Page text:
FAQs

Core

WiFi

Lothian Broadband ensures that the broadband service is fast and working up to your premises and to your router.

WiFi speeds within your home can be affected by a number of factors including the thickness of your internal walls, electronic items around your router and the distance the WiFi signal has to travel.

You can boost your WiFi speeds throughout the home using our Smart WiFi Plume devices. You can find out more about these here.

WiFi coverage is affected by many factors in and around your property, including the devices you’re using such as phones and laptops. Here are a few key factors that may help you to get the best from your wireless network:

Location of your router:

Your wireless router transmits and receives information to and from your wireless devices. Ideally, this should be located as near as reasonably possible to the areas in your property where you need WiFi the most. Devices that use media streaming such as Smart TVs, gaming devices etc. tend to me most sensitive to the strength of the WiFi signal.

Walls and property size:

The strength of your wireless signal reduces with distance, but it’s also affected by absorption or reflection in walls. Sometimes this is easy to see, if the property has thick walls. But, some types of modern insulated plasterboard or double-glazed windows can also have a significant effect on the wireless signal. If your WiFi network used the faster 5Ghz band (instead or, or as well as, the 2.4Ghz band) the effect of walls and distance is far greater. It’s advised to use the 5Ghz band within the same room as the router, as it may not work effectively through walls.

Type and location of your wireless devices:

WiFi works across thousands of different types of devices, but they all follow industry standards for communication and security. Where multiple wireless devices are connected to the same router (such as TVs, laptops and smartphones), they must communicate with each other to ensure they all get a share of the WiFi capacity. By communicating between themselves, WiFi devices can ‘agree’ whose turn it is to send or receive data from the internet. In some cases, not all WiFi devices can talk to each other, for example where there’s a laptop at one end of a property, a router in the middle and a smartphone at the other end. In this case, both devices can communicate with the router, but the may not ‘hear’ each other and therefore, can’t agree whose turn it is to access the router.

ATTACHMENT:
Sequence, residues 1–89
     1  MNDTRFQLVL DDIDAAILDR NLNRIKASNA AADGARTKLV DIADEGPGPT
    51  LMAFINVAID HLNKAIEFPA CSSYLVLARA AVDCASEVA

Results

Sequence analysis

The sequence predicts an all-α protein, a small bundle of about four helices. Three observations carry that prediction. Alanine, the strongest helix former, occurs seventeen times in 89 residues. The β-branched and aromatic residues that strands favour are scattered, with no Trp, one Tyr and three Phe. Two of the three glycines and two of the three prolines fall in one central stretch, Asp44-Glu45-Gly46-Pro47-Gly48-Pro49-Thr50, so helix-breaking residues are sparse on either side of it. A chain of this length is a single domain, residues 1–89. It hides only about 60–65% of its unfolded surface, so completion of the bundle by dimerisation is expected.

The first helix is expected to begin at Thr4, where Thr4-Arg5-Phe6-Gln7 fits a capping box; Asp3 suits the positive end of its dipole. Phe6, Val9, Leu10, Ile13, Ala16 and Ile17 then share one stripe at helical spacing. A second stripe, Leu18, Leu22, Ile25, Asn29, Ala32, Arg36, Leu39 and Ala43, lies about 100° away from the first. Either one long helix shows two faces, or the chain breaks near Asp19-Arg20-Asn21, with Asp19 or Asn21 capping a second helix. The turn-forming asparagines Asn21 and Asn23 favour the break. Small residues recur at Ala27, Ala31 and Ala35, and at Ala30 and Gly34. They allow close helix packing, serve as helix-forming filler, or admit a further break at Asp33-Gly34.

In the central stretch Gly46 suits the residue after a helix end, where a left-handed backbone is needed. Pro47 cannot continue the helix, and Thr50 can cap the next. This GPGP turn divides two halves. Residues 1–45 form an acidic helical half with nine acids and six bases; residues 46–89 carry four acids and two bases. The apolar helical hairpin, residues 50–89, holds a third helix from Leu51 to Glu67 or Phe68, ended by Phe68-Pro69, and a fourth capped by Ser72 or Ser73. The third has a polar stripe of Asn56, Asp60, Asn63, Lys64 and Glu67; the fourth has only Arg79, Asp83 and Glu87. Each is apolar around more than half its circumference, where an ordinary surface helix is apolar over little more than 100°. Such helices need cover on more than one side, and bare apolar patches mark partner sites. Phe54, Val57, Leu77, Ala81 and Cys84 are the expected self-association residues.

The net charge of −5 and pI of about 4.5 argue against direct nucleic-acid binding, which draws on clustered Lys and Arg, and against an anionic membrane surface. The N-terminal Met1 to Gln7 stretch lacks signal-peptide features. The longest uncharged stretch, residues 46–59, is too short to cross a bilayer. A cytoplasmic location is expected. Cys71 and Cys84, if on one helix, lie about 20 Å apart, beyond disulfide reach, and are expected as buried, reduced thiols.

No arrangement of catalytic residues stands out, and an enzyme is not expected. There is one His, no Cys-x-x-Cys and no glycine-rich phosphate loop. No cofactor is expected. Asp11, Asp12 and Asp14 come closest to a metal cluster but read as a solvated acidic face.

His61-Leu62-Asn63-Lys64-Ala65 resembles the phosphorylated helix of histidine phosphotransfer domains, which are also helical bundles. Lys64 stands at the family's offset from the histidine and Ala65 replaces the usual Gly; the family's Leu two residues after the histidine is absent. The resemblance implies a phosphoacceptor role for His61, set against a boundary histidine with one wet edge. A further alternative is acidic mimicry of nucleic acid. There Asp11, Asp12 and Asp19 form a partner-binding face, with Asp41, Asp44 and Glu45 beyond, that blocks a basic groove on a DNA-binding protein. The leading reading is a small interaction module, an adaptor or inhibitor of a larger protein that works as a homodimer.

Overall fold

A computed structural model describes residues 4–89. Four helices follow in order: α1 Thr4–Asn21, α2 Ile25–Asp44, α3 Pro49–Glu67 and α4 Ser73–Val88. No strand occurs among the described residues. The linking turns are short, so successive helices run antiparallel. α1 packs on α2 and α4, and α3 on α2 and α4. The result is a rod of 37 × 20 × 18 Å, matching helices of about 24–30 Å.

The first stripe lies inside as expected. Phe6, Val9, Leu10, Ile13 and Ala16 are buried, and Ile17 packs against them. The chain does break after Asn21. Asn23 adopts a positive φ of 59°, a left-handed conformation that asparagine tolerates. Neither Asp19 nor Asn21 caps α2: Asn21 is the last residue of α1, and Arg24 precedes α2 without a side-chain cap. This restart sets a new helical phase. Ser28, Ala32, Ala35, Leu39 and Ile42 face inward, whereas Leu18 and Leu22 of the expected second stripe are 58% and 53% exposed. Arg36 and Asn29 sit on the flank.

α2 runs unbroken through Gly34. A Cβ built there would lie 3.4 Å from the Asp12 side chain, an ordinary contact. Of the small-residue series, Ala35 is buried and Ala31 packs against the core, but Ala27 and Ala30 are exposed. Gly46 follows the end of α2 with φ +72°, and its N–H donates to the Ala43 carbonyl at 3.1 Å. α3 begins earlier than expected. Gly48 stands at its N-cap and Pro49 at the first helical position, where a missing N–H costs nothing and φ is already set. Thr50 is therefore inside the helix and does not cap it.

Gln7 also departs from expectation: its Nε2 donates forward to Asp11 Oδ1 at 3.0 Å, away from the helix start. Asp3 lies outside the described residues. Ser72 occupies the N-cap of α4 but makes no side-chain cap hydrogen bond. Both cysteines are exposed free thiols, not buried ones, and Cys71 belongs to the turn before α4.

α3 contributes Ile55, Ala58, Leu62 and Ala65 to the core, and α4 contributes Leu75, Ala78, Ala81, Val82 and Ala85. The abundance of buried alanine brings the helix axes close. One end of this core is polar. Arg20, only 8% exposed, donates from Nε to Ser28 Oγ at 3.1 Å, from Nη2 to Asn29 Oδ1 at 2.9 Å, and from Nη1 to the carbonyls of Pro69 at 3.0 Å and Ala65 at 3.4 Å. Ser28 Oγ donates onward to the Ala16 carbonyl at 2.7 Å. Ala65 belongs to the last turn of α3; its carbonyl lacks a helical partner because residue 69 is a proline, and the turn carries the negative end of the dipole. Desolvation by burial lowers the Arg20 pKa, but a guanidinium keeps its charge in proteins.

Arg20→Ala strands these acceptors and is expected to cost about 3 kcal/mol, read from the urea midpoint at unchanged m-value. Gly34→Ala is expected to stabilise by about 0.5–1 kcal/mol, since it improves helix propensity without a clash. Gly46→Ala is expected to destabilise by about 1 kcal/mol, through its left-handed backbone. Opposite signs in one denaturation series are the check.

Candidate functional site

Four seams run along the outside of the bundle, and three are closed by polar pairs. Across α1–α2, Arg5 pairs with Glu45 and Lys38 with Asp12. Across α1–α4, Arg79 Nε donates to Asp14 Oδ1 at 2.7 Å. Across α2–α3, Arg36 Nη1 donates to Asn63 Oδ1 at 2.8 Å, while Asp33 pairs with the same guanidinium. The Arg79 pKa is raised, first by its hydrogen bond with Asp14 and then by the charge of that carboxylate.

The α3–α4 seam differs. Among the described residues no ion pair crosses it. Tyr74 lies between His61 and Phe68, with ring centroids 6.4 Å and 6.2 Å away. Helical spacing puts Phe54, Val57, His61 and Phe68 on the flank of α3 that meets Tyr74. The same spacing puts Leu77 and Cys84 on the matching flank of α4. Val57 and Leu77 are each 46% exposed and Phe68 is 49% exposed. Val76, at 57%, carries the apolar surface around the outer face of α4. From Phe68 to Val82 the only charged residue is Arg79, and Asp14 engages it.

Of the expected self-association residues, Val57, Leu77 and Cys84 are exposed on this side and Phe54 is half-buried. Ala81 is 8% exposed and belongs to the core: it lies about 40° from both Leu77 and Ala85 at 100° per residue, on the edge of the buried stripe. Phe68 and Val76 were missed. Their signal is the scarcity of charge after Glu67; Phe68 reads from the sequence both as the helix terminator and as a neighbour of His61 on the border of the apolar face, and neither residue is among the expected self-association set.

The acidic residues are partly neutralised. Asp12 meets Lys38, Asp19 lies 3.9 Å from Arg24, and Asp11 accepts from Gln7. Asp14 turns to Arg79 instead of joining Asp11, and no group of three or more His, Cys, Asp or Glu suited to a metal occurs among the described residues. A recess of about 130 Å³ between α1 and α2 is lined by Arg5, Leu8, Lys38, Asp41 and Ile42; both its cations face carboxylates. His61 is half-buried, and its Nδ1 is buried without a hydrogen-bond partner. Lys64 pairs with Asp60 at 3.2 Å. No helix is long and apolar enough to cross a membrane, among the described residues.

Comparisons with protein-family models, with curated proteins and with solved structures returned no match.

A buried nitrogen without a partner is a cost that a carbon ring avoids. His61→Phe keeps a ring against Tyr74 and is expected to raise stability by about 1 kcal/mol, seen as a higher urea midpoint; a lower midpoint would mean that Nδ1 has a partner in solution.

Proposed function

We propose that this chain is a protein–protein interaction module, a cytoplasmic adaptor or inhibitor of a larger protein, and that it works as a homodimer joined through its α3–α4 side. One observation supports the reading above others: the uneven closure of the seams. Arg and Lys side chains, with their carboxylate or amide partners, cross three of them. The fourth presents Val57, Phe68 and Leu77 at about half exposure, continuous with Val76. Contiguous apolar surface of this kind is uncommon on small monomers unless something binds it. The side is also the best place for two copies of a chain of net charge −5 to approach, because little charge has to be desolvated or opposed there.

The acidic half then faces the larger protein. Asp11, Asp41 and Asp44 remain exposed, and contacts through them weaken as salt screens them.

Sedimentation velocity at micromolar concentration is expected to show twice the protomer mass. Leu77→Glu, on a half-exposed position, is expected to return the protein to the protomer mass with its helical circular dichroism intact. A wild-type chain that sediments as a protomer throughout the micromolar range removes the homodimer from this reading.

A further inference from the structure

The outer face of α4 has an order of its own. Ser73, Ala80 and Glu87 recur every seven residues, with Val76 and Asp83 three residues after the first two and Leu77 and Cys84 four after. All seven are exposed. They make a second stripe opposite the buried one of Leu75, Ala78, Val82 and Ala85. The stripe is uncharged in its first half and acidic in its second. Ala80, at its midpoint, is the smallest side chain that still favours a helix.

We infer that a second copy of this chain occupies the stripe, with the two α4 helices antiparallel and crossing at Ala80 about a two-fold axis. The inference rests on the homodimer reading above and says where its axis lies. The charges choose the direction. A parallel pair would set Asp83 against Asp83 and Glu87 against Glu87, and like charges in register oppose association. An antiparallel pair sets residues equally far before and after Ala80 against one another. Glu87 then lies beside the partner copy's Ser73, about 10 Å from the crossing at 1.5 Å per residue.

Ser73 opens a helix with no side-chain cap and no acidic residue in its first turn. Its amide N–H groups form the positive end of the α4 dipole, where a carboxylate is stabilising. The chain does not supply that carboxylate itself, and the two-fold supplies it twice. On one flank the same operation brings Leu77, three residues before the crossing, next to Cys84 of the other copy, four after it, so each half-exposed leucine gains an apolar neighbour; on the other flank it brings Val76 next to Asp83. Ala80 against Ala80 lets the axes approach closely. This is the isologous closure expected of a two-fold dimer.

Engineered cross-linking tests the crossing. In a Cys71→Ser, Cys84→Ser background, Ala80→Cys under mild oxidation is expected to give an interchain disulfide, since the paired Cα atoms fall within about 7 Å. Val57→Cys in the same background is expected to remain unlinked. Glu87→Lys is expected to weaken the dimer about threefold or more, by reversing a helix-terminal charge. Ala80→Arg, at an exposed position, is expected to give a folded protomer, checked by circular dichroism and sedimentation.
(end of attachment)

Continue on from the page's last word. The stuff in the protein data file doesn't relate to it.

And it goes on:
This scenario can have a negative effect on all the devices in the network. Equally, if one wireless device has a very poor signal, but all others are good, the router will spend a disproportionate time re-sending information to the weakest device, reducing the capacity for all others.

Channel number and channel width:

General, wide channels (40Mhz) or higher have the highest data capacity and can therefore send or receive data faster. However, wide channels are also more likely to overlap with other wireless routers if nearby, which creates interference that reduces speeds. Sometimes a narrow channel (20Mhz) can therefore give faster real-world performance.

Security and data encryption:

Always ensure that your WiFi network has encryption enabled. The best levels of encryption are based on standards knows as WPA. It’s not generally advised to use the older WEP encryption method. Please note that some very old wireless devices do not support WPA.

Interference from other sources:

Some non-WiFi equipment is permitted to transmit date on the 2.4Ghz WiFi band and can cause interference or reduced performance on your WiFi network.

This equipment can include:

  • Baby monitors
  • DECT cordless phones
  • Xbox controllers
  • Some alarm and door entry systems
  • Microwave ovens
  • Zigbee remote controllers (used by some smart home devices)

It’s generally recommended to locate your router and wireless devices as far away as possible from these types of equipment.

Device compatibility:

Most WiFi routers use up-to-date standards (or protocols) to communicate with associated WiFi devices. However, some older equipment may not be compatible with the latest standards. If you find that older devices can’t connect to your wireless network, please consider replacing this equipment or you may have to change the protocol standards on your router.

Using wireless extenders and repeaters:

You can boost your wireless covering using specialised equipment to add WiFi repeaters or extenders. While these can be an effective way to improve the coverage in your home, they must be set up correctly or they can cause lower speeds and reduce reliability. We recommend using our Smart WiFi system. You can find out more here.

Weak WiFi signals are often a cause of slow internet speeds. If your internet is not fast in areas of your premises, it’s not necessarily due to slow broadband provision but could be due to issues with the WiFi coverage in the property.

Our Smart WiFi powered by Plume may be the solution to these problems. You can find out more here. Want to add Plume to your broadband service with us? Contact connect@lothianbroadband.com and we can get you set up.

WiFi is technology that allows you to connect to the internet with a WiFi enabled device such as a tablet, laptop or mobile phone. To get WiFi in your premises, you need a WiFi router.

Fixed Wireless is a type of broadband service that delivers broadband via a radio on your roof.

To get an accurate speed test, we recommend you plug your device directly into the router (where possible). However, if you test through your WiFi your speeds will be potentially limited by a number of factors:

  • The maximum speeds your router can support
  • The maximum speeds your device can support
  • How many devices are actively using data on your network at the same time

When testing your speed, we advise that you disconnect all your devices and plug one device into the router via an ethernet cable.